Type: Lesson Plan

It's a Lovely Home, But...Using Multiple Texts to Aid in Decision Making:

In this lesson, students will learn about a subject as they read and analyze multiple text types before writing a business letter explaining a decision they will be asked to make. This lesson incorporates poetry, authentic non-fiction, photography, and writing.

Type: Lesson Plan

Exploring the Future of NASA:

In this lesson, students will read and analyze two nonfiction articles and watch a short video about work at NASA--information includes the retiring of the space shuttle program and possible goals and missions in the future, including ideas for space shuttle replacements and capturing asteroids. Text-dependent questions and answer keys are provided for both articles. At the end of the lesson, students will make a written claim regarding NASA's future plans for space exploration and research, citing evidence from both articles and the video to support their claim. A rubric for the writing assessment is also included. 

Type: Lesson Plan

Rain in Summer: What a Bummer, Or Is It?:

In this lesson, students will analyze the symbols and imagery present in Henry Wadsworth Longfellow's poem "Rain in Summer" to determine its tone and theme. Formative assessment checks are included in the form of student handouts with text-based questions and charts. Students will also write a mini-essay as a summative assessment in which they will develop a claim about the poem's theme, providing text-based examples as support.

Type: Lesson Plan

One for All? Or Not. Letter XII: Distresses of a Frontier Man:

This lesson is based on Letter XII: Distresses of a Frontier Man by J. Hector St. John de Crevecoeur. This "letter" is one of a collection of essays in an epistolary format from the collection, Letters from an American Farmer (1782). In this lesson, students will read and analyze the two central ideas in the text. Students will fill out a graphic organizer on the central ideas and participate in a class debate.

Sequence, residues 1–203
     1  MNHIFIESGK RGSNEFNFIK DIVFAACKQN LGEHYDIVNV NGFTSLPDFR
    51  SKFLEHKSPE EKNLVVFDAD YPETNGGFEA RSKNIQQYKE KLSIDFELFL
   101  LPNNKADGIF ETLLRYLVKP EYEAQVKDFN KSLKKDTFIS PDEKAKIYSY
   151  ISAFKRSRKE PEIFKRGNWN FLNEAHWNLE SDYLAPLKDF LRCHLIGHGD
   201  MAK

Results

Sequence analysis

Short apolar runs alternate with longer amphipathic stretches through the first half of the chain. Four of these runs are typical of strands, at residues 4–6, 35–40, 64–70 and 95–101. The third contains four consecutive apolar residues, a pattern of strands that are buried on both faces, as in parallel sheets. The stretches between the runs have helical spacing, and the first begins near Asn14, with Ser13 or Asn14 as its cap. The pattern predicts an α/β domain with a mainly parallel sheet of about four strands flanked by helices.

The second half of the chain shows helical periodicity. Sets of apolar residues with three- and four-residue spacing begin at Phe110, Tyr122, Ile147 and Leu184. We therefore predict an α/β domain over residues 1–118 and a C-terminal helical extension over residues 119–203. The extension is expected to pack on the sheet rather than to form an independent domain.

Type: Lesson Plan

Forever Alive:

In this close reading lesson, students will be asked to use multiple strategies to respond to informational text in way that is aligned to the state standards, requiring that they respond with explicit details drawn from the passage. With this short, free-standing article, teachers can incorporate this mini-lesson into their already set curriculum to reinforce the standards and skills being taught. This lesson would also make an excellent small group resource. Attachments needed for this lesson are all provided and include text-dependent questions, graphic organizers, and an objective summary writing prompt with rubric.

Type: Lesson Plan

Remembering D-Day:

This is a lesson based on President Obama’s remarks on the 70th anniversary of the D-Day invasion in Normandy. His speech focuses on the anniversary of D-Day and the effect it had on soldiers and civilians who experienced the attack. This lesson provides an opportunity for vocabulary acquisition and an analysis of the meaning of President Obama’s speech.

Type: Lesson Plan

Close Reading of Echo and Narcissus:

In this lesson, students will conduct three close readings of the highly entertaining myth "Echo and Narcissus" as retold by Thomas Bulfinch. Through these readings, students will answer text-dependent questions about the myth, work to determine the meanings of selected vocabulary and sort them into different categories, analyze character motivation, and determine the settings used in the story. For the end of lesson assessment, students will determine a theme for the myth and write about that theme in an extended response paragraph.

Type: Lesson Plan

Close Reading of a Greek Myth: Apollo and Daphne: